PDP-1 COMPUTER:The memos in this series were all attributed simply to the "PDP-1 COMPUTER." In actuality, they were produced at a facility on the second floor of Building 26, which comprised two large rooms containing the one-of-a-kind TX-0, originally built by MIT, and a commercially built PDP-1, donated by Digital Equipment Corporation. The PDP-1 was used as an experimental testbed by the Electrical Engineering department for experiments in timesharing, and was also generally available to undergraduates. Back
 CAMBRIDGE 39, MASSACHUSETTS: The United States Post Office introduced zip codes about a year after this memo was written. Back
 TJ-2:" I don't know if there ever was a TJ-1. Back
 The title line, "TYPE JUSTIFYING PROGRAM," is underscored in the original. Back
No name is credited as either author or programmer. The program was demonstrated to me by Pete Samson. It was my impression that he wrote it but others may have contributed.
This memo was obviously produced with TJ-2, but most of the other memos in the same series were not. Back
 I've tried to duplicate the precise locations at which TJ-2 placed spaces, hyphens, etc.
"Typewriter:" the PDP-1 console typewriter. This was an IBM electric typewriter to which a company called Soroban Engineering had added switches and solenoids capable of sensing and initiating keystrokes.
This IBM typewriter was a traditional design with typewriter-style typebars (not a "golfball" Selectric). As was customary in typewriters, each typebar carried a pair of characters, one uppercase and one lowercase. The shift key raised or lowered the entire heavy type basket, selecting which of the two characters struck the ribbon. The Soroban mechanism was quite unreliable, and, in particular, often missed a case shift. However, it provided what in eighties terminology would have been called "true letter quality" printing. An additional feature of this unit was a two-color red-and-black ribbon. The PDP-1 debugger, for example, printed user commands in black and debugger responses in red.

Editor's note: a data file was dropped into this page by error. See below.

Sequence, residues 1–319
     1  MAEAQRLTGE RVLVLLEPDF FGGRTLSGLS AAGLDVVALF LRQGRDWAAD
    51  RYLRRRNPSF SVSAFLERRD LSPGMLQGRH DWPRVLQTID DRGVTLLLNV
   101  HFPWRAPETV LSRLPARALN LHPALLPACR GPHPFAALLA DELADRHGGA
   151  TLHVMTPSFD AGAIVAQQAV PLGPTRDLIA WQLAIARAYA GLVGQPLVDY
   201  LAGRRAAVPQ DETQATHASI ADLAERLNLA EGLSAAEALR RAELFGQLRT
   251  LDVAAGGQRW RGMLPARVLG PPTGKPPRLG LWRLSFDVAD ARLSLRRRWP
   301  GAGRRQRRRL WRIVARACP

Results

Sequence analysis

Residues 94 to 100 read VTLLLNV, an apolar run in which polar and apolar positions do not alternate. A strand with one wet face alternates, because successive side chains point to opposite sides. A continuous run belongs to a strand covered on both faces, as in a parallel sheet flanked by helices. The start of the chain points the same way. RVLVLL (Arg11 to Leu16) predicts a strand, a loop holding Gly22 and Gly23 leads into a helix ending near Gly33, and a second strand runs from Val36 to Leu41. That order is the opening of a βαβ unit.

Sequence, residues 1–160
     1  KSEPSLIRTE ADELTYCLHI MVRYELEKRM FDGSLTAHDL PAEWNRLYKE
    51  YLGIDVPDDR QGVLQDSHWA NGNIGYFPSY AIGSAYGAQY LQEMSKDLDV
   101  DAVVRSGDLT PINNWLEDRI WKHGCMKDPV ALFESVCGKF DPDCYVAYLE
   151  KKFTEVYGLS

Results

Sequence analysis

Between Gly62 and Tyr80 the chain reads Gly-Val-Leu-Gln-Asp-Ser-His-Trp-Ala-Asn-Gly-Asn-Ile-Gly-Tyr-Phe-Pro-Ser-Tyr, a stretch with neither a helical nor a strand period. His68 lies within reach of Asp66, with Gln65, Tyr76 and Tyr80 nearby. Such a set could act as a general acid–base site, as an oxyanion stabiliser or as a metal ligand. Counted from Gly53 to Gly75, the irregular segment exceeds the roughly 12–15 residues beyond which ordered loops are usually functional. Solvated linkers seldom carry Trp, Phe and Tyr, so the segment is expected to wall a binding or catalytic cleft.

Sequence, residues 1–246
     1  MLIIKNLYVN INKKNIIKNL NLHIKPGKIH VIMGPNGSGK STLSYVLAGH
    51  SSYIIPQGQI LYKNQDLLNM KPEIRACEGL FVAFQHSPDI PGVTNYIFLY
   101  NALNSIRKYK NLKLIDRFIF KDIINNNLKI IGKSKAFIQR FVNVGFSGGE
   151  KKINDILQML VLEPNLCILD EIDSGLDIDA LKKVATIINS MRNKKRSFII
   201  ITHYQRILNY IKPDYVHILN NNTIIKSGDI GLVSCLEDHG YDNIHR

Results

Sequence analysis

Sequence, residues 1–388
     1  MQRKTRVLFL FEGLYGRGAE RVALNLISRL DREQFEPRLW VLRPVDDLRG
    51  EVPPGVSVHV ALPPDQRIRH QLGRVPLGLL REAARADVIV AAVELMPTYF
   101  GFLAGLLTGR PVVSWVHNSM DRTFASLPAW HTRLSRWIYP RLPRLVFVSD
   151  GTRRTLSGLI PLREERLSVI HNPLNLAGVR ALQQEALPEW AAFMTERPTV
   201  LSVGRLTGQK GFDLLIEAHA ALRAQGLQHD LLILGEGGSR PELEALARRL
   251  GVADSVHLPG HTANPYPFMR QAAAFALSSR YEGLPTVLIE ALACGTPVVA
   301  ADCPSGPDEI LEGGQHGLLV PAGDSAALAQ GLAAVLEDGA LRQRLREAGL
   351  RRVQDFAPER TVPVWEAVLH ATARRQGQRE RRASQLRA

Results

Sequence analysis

"Reader:" high-speed 400 "line"/second photoelectric punched paper-tape reader.
"Punch:" 63 character/second paper tape punch manufactured by Teletype. Back
 The period ending a sentence is always followed by either two spaces or three. Back
 "Normal mode:" in the eighties, this would have been called "word wrap." At the time, not only was there no succinct name for the feature, but the concept itself was unfamiliar enough need a precise explanation. As I write this in 1997, word wrap is so taken for granted in GUI text entry that there is no longer any need to have a name for it, and the term is falling into disuse. Back
 "Carriage return:" both returned the carriage and advanced the line on the typewriter mechanisms used on the PDP-1. There was no distinct "line feed" operation to be concerned with. Back
 "Concise code:" the character set used internally on the PDP-1,
a six-bit code formed by truncating the full "FIO-DEC" codes,
which included a parity bit. A portion of the table is reproduced here; notice that every code has both a "lower" and "upper" character; notice too the upper-case mappings of the numerals.
 "Test word:" bank of eighteen toggle switches on the PDP-1 console, often playing the same role that a command-line argument would play today. There was no provision for varying margins within a document. Back